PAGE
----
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Bucs' new head coach 1 of 4 current Black NFL team leaders

Four out of 12 Buccaneers head coaches have been Black throughout its history, the most of any NFL team.

TAMPA, Fla. — Since the Tampa Bay Buccaneers' creation in 1976 as part of the NFL expansion, the football team has had its fair share of head coaches. 

Until Wednesday evening, the man at the helm was Bruce Arians. But what was a surprise announcement for many, Arians said he would be hanging up the headset and retiring from coaching. He will transition to the Bucs' front office to focus on the strategic side of the game. 

Stepping in to take over as head coach of the Bucs is the current defensive coordinator, Todd Bowles. Bowles has had head coach experience before, coaching the New York Jets for several seasons before joining Tampa Bay in 2019 as part of Arians' coaching staff. 

Bowles will be the Bucs' fourth Black head coach in the team's 46-year history and the 12th overall. According to ESPN Senior NFL Insider Adam Schefter, that's two more than any other NFL team has ever had. 

Tony Dungy was the first Black head coach to helm the Buccaneers. He was hired in 1996 to "reform" the Bucs, who were known for their lack of success, according to buccaneersfan.com. Raheem Morris became the second Black head coach in 2009. In his two seasons with the Bucs, he is credited with the best season turnaround in franchise history.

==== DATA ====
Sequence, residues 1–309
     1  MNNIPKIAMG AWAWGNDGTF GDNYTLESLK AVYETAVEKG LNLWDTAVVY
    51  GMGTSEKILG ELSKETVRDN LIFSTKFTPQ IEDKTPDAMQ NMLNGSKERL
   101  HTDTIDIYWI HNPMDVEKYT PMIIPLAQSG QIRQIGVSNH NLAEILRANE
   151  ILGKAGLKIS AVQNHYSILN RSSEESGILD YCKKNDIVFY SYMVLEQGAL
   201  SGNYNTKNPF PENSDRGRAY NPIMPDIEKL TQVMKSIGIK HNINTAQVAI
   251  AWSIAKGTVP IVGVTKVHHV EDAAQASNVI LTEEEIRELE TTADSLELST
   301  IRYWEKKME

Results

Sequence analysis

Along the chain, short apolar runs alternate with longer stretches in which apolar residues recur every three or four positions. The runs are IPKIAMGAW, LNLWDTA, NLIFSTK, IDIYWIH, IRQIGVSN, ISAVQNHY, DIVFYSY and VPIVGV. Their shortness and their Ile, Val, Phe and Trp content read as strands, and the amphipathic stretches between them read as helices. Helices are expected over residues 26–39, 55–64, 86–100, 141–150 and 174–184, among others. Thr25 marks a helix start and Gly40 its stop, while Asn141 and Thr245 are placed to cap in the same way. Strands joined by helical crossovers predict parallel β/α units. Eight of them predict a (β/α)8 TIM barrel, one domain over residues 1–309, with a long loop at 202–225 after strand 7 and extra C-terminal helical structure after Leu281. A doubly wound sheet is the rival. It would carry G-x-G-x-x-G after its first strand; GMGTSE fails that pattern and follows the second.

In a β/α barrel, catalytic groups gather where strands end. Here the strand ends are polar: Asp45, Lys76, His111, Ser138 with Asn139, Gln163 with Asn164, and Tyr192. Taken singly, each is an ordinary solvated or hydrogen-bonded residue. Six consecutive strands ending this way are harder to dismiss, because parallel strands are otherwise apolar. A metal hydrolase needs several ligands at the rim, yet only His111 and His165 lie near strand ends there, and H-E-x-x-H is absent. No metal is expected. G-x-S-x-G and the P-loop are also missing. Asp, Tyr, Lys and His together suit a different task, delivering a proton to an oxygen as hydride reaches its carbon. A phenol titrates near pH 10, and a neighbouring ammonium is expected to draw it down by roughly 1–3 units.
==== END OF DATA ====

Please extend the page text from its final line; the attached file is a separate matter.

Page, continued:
Lovie Smith, who got his coaching start with the Bucs under Dungy, returned to Tampa in 2014 to take over as head coach.

The NFL has come under fire recently for a lack of diversity in its head coaching positions and ownership, highlighted most recently by claims from former Miami Dolphins head coach Brian Flores.

After he was fired in January, Flores said he believed race played a factor in the team's decision to show him the door. 

Flores, like other Black assistant coaches in the league, including Pittsburgh Steelers defensive coordinator Teryl Austin, believes NFL owners — 30 of 32 are white — are simply more likely to choose leaders who reflect what they see in the mirror each morning.

Bowles is now one of only four Black head coaches in the NFL, along with Pittsburgh's Mike Tomlin, Houston's Lovie Smith and Miami's Mike McDaniel, who identifies as biracial. 

The Associated Press contributed to this report.

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